The medication Lybalvi treats schizophrenia and bipolar disorder symptoms without the weight gain associated with other drugs used for these brain disorders.
Schizophrenia and bipolar disorder are two separate brain disorders. They can, however, share certain symptoms. That explains why people with schizophrenia and others with the most common type of bipolar disorder (bipolar I) are sometimes prescribed the same medications to control their conditions. Unfortunately, unwanted weight gain is associated with several of these prescription drugs — and extra pounds can not only be unpleasant but also unhealthy over time, often resulting in patients stopping their needed medications.
Good news: A drug approved by the Food and Drug Administration, olanzapine/samidorpha (Lybalvi), developed by biopharmaceutical company Alkermes, may be a solution for the weight gain problem associated with other drugs schizophrenia and bipolar patients need to feel and function better.
Research shows Lybalvi does not result in unexpected and unwanted weight gain. The treatment can be used, depending on the patient, as either a single medication for maintenance (monotherapy) or in combination with other medications.
How the treatment can benefit schizophrenia and bipolar patients
Schizophrenia and bipolar disorder are separate conditions, often described as mental illnesses. The American Psychiatric Association refers to them as “chronic brain disorders” believed to be caused by a dysregulation of brain chemicals that control thinking and mood.
Schizophrenia is not common; it affects less than one percent of the U.S. population. If untreated or inadequately treated, schizophrenia can be a devastating health problem. When symptoms are active, people with the disorder often suffer from disorganized speech, trouble thinking, lack of motivation, delusions, and hallucinations. With treatment, however, most symptoms of the brain disorder improve significantly, and the odds of a recurrence are reduced, according to the American Psychiatric Association.
Bipolar disorder affects more people than schizophrenia, close to three percent of Americans. It causes dramatic shifts in energy, mood, and ability to think clearly, the National Alliance on Mental Illness explains. People with bipolar disorder experience periods of elation and energy (mania) and other periods of severe depression and extreme sadness. There are several types of bipolar disorder, which are diagnosed depending on the degree of symptoms and how often the occur.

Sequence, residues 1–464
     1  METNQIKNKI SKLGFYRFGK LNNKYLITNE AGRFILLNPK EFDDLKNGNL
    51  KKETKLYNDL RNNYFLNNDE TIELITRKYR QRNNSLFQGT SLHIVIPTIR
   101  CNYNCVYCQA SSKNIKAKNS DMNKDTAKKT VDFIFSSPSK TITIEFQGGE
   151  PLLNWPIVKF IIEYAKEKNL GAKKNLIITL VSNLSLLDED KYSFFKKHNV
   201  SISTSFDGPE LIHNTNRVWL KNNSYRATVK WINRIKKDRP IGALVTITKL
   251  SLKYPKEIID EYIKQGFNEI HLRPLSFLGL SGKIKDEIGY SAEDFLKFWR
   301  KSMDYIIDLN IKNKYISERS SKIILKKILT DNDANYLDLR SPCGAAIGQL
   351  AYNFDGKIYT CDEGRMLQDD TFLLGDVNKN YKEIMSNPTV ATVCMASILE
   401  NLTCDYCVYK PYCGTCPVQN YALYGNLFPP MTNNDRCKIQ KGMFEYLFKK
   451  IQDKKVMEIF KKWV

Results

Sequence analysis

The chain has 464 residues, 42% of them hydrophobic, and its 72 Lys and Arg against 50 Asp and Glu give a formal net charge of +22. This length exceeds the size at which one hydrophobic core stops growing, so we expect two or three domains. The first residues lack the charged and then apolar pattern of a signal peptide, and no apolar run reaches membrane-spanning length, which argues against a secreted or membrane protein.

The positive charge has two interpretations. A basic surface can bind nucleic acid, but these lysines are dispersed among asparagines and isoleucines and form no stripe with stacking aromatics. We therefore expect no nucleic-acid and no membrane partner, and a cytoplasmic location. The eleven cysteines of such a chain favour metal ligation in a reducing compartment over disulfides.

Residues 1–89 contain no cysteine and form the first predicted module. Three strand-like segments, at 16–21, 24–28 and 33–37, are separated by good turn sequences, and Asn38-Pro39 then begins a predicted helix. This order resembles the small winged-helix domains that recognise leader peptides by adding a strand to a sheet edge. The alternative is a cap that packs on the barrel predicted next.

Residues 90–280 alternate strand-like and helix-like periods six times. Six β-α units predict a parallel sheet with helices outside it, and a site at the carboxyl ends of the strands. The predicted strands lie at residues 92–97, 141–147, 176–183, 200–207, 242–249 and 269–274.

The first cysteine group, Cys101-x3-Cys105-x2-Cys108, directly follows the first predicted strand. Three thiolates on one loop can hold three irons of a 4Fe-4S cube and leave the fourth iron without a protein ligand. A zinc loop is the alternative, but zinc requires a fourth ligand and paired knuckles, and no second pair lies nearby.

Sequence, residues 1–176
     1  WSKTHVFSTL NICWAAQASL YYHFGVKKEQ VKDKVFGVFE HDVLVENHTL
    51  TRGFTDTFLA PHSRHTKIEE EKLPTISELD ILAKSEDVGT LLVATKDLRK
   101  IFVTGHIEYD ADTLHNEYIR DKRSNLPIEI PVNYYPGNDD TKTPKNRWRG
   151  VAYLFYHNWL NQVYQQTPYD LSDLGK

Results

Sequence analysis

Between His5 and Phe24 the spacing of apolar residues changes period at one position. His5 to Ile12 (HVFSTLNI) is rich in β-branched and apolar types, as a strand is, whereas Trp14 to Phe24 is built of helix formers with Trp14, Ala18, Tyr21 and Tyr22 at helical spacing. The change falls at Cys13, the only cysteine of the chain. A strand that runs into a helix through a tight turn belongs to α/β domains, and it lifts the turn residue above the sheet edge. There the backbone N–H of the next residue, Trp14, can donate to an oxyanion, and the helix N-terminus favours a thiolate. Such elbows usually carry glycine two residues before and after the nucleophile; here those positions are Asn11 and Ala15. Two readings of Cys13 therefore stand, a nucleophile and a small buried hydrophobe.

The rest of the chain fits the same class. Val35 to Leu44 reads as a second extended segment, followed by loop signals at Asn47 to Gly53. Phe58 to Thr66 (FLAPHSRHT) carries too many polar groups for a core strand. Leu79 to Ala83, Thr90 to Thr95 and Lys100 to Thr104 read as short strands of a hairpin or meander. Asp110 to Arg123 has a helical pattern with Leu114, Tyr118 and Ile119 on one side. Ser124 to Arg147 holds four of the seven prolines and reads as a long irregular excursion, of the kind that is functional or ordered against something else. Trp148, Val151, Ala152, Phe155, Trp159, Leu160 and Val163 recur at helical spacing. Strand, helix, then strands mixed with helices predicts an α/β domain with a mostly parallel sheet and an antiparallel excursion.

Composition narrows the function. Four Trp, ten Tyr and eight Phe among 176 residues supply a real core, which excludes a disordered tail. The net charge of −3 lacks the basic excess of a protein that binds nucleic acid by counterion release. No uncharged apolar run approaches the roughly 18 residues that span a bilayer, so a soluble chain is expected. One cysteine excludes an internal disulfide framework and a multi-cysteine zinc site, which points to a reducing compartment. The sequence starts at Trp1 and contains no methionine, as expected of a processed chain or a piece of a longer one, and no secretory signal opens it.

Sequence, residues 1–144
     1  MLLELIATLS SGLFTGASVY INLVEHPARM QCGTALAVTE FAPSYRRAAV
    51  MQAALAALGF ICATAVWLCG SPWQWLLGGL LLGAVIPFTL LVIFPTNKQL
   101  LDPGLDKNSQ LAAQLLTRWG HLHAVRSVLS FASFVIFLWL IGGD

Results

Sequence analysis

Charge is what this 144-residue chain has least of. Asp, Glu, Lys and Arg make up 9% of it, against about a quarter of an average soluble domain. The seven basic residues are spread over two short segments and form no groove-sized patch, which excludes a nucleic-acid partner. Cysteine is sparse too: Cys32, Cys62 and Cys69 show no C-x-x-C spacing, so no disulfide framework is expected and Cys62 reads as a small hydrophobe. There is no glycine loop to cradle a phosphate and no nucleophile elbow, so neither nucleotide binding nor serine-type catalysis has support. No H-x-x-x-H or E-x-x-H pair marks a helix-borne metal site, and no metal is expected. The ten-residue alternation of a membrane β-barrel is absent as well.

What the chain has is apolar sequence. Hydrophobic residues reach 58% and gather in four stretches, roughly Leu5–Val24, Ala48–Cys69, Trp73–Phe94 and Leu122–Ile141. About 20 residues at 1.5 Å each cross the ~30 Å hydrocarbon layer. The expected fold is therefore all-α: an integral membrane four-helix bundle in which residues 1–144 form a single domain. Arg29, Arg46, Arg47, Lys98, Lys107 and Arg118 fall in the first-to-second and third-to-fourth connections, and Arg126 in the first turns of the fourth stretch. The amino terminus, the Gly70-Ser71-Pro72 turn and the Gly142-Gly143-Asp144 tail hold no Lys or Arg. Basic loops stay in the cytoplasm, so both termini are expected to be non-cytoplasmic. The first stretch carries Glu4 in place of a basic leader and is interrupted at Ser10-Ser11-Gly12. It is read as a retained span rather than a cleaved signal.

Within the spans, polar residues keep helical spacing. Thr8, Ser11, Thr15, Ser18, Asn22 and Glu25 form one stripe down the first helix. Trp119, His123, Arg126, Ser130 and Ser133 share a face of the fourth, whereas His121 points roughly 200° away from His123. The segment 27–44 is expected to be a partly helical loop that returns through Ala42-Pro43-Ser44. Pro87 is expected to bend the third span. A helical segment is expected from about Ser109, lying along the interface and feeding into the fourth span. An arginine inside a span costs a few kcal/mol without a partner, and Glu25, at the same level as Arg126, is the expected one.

The most serious type, defined by the National Institute of Mental Health, is bipolar I, marked by manic episodes lasting at least a week or that are so severe the person needs immediate and urgent hospitalization. Sometimes, a person with bipolar I who is experiencing severe episodes of mania or depression may have hallucinations or delusions, not unlike someone with untreated schizophrenia. So, the same medications are often used to treat both schizophrenia and bipolar I.
One of the most effective drugs for schizophrenia and bipolar I symptoms has long been the antipsychotic olanzapine (Zyprexa), made by Eli Lilly. The medication, however, is linked to significant weight gain in patients. Now, people needing treatment for schizophrenia or bipolar I disorder can be prescribed Lybalvi instead.
How the new drug works
Here’s how the new medication works to treat both schizophrenia and bipolar disorder: Lybalvi combines the active ingredient in Zyprexa with samidorphan, a new chemical entity designed to counter the weight-inducing effects of olanzapine. The medication is taken once a day in a pill.
Some patients may need additional medications, and there’s no “one size fits all” for schizophrenia or bipolar disorder. Side effects and individual reactions to different therapies can occur, and it’s important for patients to see their doctors regularly.
There is reason to be encouraged that patients may be more likely to stick to the treatment. Medication compliance is extremely important in curtailing schizophrenia and bipolar I symptoms and keeping them under control.
Several published studies evaluating the drug in people with schizophrenia, ranging in age from teen years to old age, have found Lybalvi to be safe and effective, and it reduced the risk of weight gain over several months.
"Schizophrenia and bipolar I disorder are complex, chronic diseases, and there remains a persistent need for new medications with proven efficacy and safety. Olanzapine, a highly-efficacious atypical antipsychotic, is associated with significant side effects, including weight gain, that may impact patients' treatment experiences and limit its use," said neuropsychiatrist René S. Kahn, MD PhD, professor and system chair of psychiatry at the Icahn School of Medicine at Mount Sinai.
"With the efficacy of olanzapine and evidence of less weight gain in patients with schizophrenia, Lybalvi brings a welcome new addition to our medication arsenal."
July 09, 2021
Janet O’Dell, RN